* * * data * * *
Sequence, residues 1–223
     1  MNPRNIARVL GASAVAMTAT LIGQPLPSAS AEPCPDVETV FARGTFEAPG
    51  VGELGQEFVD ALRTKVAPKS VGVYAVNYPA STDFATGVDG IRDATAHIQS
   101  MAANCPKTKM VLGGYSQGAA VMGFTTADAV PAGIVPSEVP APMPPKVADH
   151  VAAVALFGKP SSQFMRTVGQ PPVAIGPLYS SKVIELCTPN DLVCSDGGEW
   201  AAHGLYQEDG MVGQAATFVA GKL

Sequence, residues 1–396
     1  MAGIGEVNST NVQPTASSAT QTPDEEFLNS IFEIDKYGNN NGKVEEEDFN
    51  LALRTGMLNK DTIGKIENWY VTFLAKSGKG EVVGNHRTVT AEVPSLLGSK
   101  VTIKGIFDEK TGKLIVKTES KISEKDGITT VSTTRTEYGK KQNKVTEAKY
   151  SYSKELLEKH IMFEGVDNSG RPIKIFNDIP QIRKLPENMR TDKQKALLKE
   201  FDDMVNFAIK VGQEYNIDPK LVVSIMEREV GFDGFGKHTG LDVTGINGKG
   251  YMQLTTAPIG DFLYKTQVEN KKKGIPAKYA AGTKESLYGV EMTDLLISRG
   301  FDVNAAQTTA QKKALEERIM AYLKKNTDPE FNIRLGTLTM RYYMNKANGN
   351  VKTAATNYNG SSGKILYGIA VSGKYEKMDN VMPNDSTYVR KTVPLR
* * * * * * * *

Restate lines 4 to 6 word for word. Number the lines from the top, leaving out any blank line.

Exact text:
   101  MAANCPKTKM VLGGYSQGAA VMGFTTADAV PAGIVPSEVP APMPPKVADH
   151  VAAVALFGKP SSQFMRTVGQ PPVAIGPLYS SKVIELCTPN DLVCSDGGEW
   201  AAHGLYQEDG MVGQAATFVA GKL